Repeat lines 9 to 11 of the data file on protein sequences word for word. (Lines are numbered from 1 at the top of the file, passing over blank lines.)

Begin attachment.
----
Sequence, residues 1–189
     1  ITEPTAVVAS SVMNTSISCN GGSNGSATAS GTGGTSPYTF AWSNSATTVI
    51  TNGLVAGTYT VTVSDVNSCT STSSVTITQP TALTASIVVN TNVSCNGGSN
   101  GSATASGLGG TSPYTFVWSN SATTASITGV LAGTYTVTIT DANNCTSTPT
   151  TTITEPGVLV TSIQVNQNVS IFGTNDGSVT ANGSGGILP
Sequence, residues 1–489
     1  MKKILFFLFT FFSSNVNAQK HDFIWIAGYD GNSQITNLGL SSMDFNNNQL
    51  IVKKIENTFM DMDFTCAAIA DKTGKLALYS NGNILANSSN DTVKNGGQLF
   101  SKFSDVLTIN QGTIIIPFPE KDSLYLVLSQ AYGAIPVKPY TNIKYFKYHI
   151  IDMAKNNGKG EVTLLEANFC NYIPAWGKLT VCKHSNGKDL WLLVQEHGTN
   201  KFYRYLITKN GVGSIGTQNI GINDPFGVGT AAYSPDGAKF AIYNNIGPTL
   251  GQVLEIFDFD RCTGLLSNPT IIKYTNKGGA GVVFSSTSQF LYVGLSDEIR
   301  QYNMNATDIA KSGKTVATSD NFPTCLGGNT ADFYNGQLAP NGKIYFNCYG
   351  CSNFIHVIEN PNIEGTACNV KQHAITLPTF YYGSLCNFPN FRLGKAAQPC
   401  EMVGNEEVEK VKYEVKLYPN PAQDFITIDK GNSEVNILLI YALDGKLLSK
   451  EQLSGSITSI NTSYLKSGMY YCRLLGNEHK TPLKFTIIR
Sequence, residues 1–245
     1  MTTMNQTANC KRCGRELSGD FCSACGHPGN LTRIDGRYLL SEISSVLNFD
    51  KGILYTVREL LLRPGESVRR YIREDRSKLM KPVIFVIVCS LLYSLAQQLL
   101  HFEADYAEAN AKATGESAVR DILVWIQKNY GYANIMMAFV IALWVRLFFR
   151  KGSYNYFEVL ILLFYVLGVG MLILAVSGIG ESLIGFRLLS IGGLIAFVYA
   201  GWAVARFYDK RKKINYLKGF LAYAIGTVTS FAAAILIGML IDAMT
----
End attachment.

   101  SKFSDVLTIN QGTIIIPFPE KDSLYLVLSQ AYGAIPVKPY TNIKYFKYHI
   151  IDMAKNNGKG EVTLLEANFC NYIPAWGKLT VCKHSNGKDL WLLVQEHGTN
   201  KFYRYLITKN GVGSIGTQNI GINDPFGVGT AAYSPDGAKF AIYNNIGPTL